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Debunking the Gold Bubble Myth - Eric Sprott

March 14, 2011 | About:

Gold’s continuous ten-year rise hasn’t sheltered it from controversy. Despite producing consistent returns in virtually all currencies year after year, some market pundits still question its validity as an asset class. It’s true that gold doesn’t pay any interest, and it’s also true that much of the gold produced throughout history still exists in some form today. But these characteristics shouldn’t inhibit it from performing as a monetary asset. Cash, after all, doesn’t pay real interest either, and there is more fiat money in existence today than ever before. So why does gold still receive such harsh criticism?

We believe much of it stems from a widely held misconception that gold is forming a financial bubble. It’s a fairly straightforward view – that gold buyers are merely foolhardy speculators buying on a whim with no rationale other than to sell to the ‘greater fool’ at higher prices in the future. It’s a view that assumes that gold has no intrinsic value and is simply a speculative asset that has captured investors’ imaginations.

We don’t take these views on gold lightly. We’ve seen bubbles before and fully know how they end. We have no interest whatsoever in participating in some sort of speculative frenzy – that’s a recipe for disaster in the investment business. Thankfully, however, our gold investments present no such risk. As our analysis has revealed, gold is actually a surprisingly under-owned asset class – and one that has generated far more attention in the media than it probably deserves. While its exemplary performance since 2000 is certainly worthy of discussion, gold simply hasn’t commanded enough investment to warrant the bubble fears it seems to have aroused among market pundits and business commentators. The truth about gold is that most people simply don’t own it…yet.

To be clear, a speculative bubble forms when prices for an asset class rise above a level justified by its fundamentals. For this to happen, increasing amounts of capital must flow into the asset class, bidding it up to irrational levels. Gold may be trading at all-time nominal highs, but a look at investment flows proves that it isn’t anywhere close to being overbought.

In their Gold Yearbook 2010, CPM Group noted that in 1968, gold held by individuals for investment purposes represented approximately 5% of global financial assets. By 1980 that amount had fallen to roughly 3%. By 1990 it had dropped significantly to 0.6%, and by the year 2000 represented a mere 0.2% of global assets. By the end of 2009, nine years into the gold bull market that began in 2000, they estimate that gold had increased to represent a mere 0.6% of global financial assets – hardly much of an increase. Gold ownership didn’t change much last year either, as we estimate that this percentage increased to 0.7% of global financial assets in 2010.1 So despite gold reaching record nominal highs, the world holds about the same portion of its wealth in gold as it did over two decades ago. While this probably says more about the proliferation of financial assets over the past decade than it does about gold investment, it is surprising to note how trivial gold ownership is when compared to the size of global financial assets.

The increase in gold ownership from 0.2% in 2000 to 0.7% in 2010 is also misleading. If you consider the approximate $227 billion that was invested in gold bullion in 2000, that level of investment would have grown to $1.18 trillion, or 0.6% of financial assets, by the end of 2010 - based purely on gold appreciation alone.2 In other words, the actual amount of new investment into gold since 2000 represents only 0.1% of current global financial assets, or about $250 billion. Although this number may seem large, consider that roughly $98 trillion of new capital flowed into global financial assets over the same period, so gold’s approximate 0.3% share of global investment flows is essentially trivial.3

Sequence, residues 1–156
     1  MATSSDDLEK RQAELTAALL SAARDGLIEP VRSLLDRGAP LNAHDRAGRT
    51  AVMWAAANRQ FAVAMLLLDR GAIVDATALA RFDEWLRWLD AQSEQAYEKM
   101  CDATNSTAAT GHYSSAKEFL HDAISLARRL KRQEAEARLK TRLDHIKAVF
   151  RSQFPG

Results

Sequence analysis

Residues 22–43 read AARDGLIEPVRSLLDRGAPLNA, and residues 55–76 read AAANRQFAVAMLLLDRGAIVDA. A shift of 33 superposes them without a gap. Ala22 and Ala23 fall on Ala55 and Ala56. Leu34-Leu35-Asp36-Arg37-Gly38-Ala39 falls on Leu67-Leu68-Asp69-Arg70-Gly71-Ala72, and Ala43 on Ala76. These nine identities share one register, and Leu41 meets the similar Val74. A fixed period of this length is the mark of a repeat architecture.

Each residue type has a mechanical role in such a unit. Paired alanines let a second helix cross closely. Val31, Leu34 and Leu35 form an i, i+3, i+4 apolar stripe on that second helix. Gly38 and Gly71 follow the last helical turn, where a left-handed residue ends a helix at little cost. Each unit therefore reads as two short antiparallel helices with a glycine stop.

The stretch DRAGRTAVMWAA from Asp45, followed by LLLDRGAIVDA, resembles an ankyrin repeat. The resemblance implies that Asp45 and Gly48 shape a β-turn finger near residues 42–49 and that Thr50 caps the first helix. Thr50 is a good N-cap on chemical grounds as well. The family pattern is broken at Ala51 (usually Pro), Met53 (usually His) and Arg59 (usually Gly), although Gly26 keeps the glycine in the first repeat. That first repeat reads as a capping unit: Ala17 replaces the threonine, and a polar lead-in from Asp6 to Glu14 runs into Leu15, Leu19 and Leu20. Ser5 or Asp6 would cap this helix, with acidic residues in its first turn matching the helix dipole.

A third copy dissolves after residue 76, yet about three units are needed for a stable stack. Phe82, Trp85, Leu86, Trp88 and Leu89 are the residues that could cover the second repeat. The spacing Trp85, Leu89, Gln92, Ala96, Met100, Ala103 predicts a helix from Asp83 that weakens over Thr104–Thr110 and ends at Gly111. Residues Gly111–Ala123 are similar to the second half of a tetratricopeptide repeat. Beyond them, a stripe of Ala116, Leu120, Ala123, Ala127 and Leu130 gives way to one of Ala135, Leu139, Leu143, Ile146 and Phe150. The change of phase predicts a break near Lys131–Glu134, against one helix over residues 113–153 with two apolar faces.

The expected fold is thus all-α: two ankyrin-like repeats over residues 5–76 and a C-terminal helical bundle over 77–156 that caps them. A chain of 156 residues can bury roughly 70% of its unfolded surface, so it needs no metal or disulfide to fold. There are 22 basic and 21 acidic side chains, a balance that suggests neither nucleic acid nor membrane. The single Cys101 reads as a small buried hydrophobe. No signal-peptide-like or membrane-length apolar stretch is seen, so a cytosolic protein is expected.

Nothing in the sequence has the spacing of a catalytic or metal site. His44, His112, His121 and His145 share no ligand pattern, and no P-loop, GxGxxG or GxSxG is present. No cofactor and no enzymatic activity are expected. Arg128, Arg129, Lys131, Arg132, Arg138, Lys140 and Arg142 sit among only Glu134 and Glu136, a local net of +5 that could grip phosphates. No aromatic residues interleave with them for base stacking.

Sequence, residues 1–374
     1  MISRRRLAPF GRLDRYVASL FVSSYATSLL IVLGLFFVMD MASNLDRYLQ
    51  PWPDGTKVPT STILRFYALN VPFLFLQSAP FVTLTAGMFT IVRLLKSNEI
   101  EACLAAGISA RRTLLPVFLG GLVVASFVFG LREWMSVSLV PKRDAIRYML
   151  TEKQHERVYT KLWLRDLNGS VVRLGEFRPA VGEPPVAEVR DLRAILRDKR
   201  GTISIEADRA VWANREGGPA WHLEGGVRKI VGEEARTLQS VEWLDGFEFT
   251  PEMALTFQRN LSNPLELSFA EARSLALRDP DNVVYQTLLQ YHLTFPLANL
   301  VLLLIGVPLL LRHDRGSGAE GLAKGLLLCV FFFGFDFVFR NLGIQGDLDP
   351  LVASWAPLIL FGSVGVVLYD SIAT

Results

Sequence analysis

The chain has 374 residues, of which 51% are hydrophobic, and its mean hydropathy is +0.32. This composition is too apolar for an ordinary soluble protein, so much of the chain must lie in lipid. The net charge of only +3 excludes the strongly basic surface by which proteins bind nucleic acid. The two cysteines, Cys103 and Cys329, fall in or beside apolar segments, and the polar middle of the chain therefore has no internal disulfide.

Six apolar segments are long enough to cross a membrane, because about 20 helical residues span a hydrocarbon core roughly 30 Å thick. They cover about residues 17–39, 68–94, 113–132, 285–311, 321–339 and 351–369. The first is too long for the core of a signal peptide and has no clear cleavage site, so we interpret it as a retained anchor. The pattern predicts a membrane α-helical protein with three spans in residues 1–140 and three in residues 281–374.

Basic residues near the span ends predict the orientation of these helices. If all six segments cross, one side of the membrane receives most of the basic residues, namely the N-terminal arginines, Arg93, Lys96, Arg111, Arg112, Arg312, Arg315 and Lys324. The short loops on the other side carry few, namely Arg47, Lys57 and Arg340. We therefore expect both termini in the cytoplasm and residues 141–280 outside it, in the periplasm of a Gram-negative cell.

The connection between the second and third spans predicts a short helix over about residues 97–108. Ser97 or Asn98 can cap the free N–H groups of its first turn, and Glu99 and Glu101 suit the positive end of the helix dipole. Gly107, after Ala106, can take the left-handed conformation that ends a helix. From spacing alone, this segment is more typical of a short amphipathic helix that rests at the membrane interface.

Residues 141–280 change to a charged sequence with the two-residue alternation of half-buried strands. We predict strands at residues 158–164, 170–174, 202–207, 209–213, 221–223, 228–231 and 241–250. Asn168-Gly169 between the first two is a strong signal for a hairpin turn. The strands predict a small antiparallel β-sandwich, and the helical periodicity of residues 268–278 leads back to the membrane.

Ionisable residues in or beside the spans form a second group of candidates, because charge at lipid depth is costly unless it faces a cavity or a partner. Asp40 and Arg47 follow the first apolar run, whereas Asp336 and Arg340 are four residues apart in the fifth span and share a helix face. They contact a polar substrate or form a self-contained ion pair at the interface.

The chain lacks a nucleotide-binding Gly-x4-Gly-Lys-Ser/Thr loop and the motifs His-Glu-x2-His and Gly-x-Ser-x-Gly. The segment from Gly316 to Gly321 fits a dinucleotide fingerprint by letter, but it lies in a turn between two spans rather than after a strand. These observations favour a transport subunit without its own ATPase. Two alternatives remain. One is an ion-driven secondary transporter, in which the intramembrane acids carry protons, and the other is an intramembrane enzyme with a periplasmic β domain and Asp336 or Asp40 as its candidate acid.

The 0.7% ownership data point also has interesting implications for global gold ownership going forward. Consider that to return to a meaningful level of gold investment, say to the 5% level of 1968, it would require over $9 trillion of gold investment today, or about 6.5 billion ounces of gold at the current gold price. This would represent well over 1.3 times the amount of gold ever produced throughout history and four times the amount of known gold reserves.4,5 So not only is the public relatively underinvested in gold, but at current prices it isn’t even possible to increase our gold holdings back to a meaningful level.

Gold’s apparent underinvestment also applies to gold equity financings since 2000. According to our sources, gold companies raised approximately $78 billion of equity capital in new financings over the past 11 years.6 To put this amount in perspective, this is equivalent to the total amount of equity raised by technology companies in the first three months of 2000.7

To further illustrate the lack of activity in the gold equity capital markets, we compare last year’s gold company financings with the technology company financings in the year 2000 (Chart 1). Once again, looking at the relative amount of capital market activity in the gold equity markets, we find no indication of a bubble whatsoever.

Furthermore, we compiled information on mutual fund flows to get a sense for the average retail investor’s appetite for gold equity investments (Chart 2). We found very familiar results in this area as well: compared to the $2.5 trillion dollars that was invested in US mutual funds since 2000, precious metal equity funds have seen a mere $12 billion in inflows. If there is a bubble in gold investments, the average retail investor hasn’t participated in it.

To truly gauge the level of exuberance (or lack thereof) in today’s gold market, it’s beneficial to review equity valuations, since they provide an excellent lens into investor sentiment for an asset class. Certainly if a bubble was forming in gold, it would likely rear its head in the stock market, where speculative manias have been fleecing ‘greater fools’ for centuries. The best gold index to review for valuation is the Amex Gold Bugs Index (HUI), which has returned a stunning 674% since 2000. It is certainly an index that could be mistaken for a bubble based on its incredible performance… until one considers its relative valuation. In Chart 3 we present a time series chart comparing the price-to-EBITDA of the HUI vs. that of the Nasdaq Composite since 1998. Price-to-EBITDA is a valuation metric that compares a company’s stock price to its profits before accounting for taxes, interest payments, and non-cash charges like depreciation and amortization. It is similar to the ubiquitous price-to-earnings (P/E) multiple but allows for a comparison across periods where net earnings are negative and P/E ratio’s incalculable.